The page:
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International | Environment & Forest Defense

La Nueva Esperanza (Tela), Honduras: A New Hope to Keep Mining and Police Out?
by Rosie Wong ( latinamerica.emergency [at] gmail.com )
Saturday Mar 23rd, 2013 7:25 PM
The ongoing story of one of many Honduran communities in resistance and defence against the environmental destruction that comes with mining by companies that get help by police harrassment
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22.3.13

For years, the mountainous Nueva Esperanza community in Tela has been fighting to stop mining companies. Currently this farming community of 200 people is on permanent alert as since police visited on 13 and 18 February 2013 firing gunshots; on the second occasion the shots were at to dismantle a concrete chain the community placed on the path into the mountain. Such intimidating acts and the sudden surge of police presence with what appears to be daily harrassment in this tiny community had made Nueva Esperaza determined to demand police to get out of their town.

Despite being so small, a group from this community joined the 200kms Caminata Por la Dignidad y Soberanía, Paso por Paso (Walk for Dignity and Sovereignty, Step by Step), that began on 25 February 2013 from El Progreso and La Esperanze, and arrived at the Honduran congress in Tegucigalpa on 6 March 2013, demanding for the abolishment of both the newly passed Mining Law favourable to mining companies, and the neocolonial model cities law. The new Mining Law for example. But, the demands fell on deaf ears, and the community members quickly travelled back to Nueva Esperanza to strengthen their resistance against the mining.

On 14 March 2013 around 50 people from this and surrounding communities took a walk up this mountain, in the rain and mud, to bear witness to the environmental destruction that has begun already, and of the rocks containing minerals. At the top of the mountain, some areas have been cleared of plant-life by burning and chopping, including areas where the environmental licence agreement outlined to be out-of-bounds for clearing of plants - that were within defined parameters of within 250 meters of where a river begins, and within 50 meters of a gorge.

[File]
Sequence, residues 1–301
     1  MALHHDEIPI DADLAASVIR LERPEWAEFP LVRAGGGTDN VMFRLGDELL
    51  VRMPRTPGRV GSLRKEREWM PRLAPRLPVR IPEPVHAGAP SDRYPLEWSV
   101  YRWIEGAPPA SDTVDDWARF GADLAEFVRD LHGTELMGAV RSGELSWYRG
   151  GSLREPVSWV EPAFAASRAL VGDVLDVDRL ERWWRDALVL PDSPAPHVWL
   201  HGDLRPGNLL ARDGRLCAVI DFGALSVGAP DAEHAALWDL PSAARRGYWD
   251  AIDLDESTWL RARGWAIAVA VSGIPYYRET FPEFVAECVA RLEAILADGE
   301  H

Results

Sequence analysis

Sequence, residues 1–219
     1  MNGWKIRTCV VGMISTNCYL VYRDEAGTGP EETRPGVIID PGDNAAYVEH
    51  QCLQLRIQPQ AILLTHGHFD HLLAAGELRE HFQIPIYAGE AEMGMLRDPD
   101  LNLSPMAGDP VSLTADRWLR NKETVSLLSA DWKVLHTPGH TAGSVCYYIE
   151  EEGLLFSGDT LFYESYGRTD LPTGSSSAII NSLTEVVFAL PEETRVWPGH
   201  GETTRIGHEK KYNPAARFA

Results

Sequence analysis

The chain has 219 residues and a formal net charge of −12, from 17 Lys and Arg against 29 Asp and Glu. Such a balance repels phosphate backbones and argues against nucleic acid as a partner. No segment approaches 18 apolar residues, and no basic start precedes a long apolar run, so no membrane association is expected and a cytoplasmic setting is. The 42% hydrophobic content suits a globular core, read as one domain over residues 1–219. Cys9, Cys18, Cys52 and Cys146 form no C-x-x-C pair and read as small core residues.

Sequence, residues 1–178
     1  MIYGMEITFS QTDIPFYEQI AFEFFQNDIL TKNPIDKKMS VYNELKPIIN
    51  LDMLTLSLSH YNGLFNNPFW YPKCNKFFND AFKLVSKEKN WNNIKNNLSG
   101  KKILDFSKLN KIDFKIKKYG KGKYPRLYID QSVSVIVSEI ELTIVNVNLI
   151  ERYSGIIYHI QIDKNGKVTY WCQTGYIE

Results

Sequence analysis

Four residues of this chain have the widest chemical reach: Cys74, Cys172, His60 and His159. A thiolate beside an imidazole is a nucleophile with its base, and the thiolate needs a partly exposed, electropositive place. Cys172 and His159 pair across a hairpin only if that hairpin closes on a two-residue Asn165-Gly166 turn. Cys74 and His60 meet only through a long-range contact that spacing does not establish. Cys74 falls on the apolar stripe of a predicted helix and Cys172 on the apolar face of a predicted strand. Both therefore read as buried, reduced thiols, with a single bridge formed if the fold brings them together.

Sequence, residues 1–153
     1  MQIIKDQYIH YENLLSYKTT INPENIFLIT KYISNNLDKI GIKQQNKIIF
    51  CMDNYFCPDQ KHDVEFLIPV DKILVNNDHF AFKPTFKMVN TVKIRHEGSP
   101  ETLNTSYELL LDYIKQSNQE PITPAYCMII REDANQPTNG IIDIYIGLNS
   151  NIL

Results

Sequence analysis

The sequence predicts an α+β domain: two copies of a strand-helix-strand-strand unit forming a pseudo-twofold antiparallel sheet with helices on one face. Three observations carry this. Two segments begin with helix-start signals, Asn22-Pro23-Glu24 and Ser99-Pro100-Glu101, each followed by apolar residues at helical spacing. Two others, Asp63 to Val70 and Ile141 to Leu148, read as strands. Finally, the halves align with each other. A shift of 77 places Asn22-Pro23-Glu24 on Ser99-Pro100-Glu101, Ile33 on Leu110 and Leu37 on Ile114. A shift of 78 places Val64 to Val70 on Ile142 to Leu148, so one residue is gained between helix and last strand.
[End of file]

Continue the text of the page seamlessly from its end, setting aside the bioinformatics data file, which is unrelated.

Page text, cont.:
The community identifies that amongst the instigators of mining in their community is business person Lenir Pérez with the company Alutech. Lenir is a son-in-law of Miguel Facussé, who is in possession of more land than anyone else in Honduras and whose palm oil company Dinant is implicated in accusations of murder for many of the murders of around 100 farmers in Bajo Aguán in the last 3 years, since the military coup.

The documents given in the last days to the community from the company state the company is called La Victoria, but while the names of companies appear to change all the time, this seems to just be part of the lack of transparency, to confuse those campaigning against mining. Similarly, the concession is to mine iron, but rumours are that they are after the gold.

On 21 March 2013, the mining company entered the mountains. The community is in permanent alert. When I asked a young woman of the community to explain the importance of stopping this mine, she pointed to the mud we stood on near the house, and referred to the beautful mountain with its forests and rivers, saying with mining all that (forests and rivers) will be gone, and they would be left with nothing but mud. She said she seen that on TV, of what mining companies leave communities.

Community leader Enrique is just as absolute and dignified in his determination. He said he does not have many years left, but thinks about the future of the children growing up in the community, and would rather lose his life fighting to stop this. He said he would never say mining is good for his community, whatever they come to offer him.

La Nueva Esperanza, Tela, is one of the many communities in Honduras affected by the recent ratification of the Mining Law by the Honduran legislative and executive powers, which in effect had the authorities give the green light for many new mining concessions to go ahead.
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by Rosie Wong Saturday Mar 23rd, 2013 7:25 PM
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